Monko-fuda are cards used in Kodo (traditional incense-smelling ceremony).
In kodo, sniffing of the incense is expressed as 'listening' to the incense, and as such, it is called monko (in kanji, 聞香 (lit. listening to the incense)). The term "monko" implies tasting the scent within your mind, and not simply sniffing the scent. One enjoys the scent of incense rising from the koro (incense burner) held inside their palms. Games were also employed, in which people guessed the type of the incense being burnt.
The 'Yugi-ko' (A Review of Play) part of the "Kojiruien" (Dictionary of Historical Terms), an encyclopedia published in the Meiji period, introduced the rules of the game as follows:
A participant first listens to three types of incense which is given a number from 1 to 3; then, afterwards, a certain burning incense is brought before the participant. If the participant guesses that the burning incense is the same as incense #1, he or she puts the #1 monko-fuda into a cylinder. Similarly, if participant guesses it to be the #2 incense, he or she puts the #2 monko-fuda into the cylinder, and if participant guesses it to be the #3 incense, he or she puts the #3 monko-fuda into the cylinder. If the participant guesses that the burning incense is not among the three incenses listened to beforehand, he or she puts the "客" (lit. a guest) monko-fuda into the cylinder. The participant who is able to guess these incenses more correctly than others becomes the winner.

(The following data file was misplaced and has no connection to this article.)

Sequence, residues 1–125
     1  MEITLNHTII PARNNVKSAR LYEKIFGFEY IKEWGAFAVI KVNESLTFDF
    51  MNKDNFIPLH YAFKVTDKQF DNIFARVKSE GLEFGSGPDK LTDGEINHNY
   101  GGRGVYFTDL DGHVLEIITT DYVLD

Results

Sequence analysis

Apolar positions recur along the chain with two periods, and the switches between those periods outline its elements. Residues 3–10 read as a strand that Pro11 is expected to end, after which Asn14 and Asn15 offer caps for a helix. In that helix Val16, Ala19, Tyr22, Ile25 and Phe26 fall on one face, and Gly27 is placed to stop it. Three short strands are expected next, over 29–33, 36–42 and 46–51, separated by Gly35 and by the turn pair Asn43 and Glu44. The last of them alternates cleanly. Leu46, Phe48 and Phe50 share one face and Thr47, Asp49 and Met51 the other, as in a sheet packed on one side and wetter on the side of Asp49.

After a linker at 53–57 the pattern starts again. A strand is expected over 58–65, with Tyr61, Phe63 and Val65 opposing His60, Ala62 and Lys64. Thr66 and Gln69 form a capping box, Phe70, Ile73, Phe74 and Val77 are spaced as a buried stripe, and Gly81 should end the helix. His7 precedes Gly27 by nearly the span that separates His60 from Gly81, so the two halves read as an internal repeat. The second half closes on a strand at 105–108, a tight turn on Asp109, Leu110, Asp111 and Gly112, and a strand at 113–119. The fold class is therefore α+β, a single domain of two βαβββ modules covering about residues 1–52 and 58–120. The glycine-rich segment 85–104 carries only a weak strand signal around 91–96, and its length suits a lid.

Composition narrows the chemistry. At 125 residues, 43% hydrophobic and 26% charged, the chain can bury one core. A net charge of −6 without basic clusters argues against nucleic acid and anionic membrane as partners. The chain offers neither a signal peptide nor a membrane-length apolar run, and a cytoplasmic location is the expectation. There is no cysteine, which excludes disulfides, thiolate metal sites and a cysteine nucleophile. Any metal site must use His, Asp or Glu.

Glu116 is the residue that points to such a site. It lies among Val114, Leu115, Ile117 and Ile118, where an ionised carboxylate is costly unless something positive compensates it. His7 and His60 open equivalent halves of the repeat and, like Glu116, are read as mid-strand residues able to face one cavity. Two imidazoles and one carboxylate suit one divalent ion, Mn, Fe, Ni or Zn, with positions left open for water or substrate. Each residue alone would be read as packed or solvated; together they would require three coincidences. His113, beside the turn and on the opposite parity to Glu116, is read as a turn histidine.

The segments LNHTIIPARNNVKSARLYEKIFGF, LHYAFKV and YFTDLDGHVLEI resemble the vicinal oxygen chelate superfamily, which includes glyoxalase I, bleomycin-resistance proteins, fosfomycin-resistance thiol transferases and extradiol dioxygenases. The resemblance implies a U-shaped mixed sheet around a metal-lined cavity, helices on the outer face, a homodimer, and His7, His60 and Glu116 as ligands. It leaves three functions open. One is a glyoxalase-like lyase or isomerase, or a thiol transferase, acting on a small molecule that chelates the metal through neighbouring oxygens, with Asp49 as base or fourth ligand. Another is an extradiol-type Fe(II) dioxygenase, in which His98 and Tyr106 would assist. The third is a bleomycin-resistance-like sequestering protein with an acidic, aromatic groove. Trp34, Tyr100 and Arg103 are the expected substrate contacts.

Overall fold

Monko-fuda's were excavated from the ruins of Kusado-sengen City (presently, Fukuyama City) and the castle ruins of Motoharu KIKKAWA Yakata (Kita-hiroshima-cho) both in the Hiroshima Prefecture, and from the site of Akahori-jo Castle (Yokkaichi City) in the Mie Prefecture. The monko-fuda's excavated from the site of Akahori-jo Castle have the kanji's '三' (lit. three) and '嶋' (lit. island) written on them in Indian ink.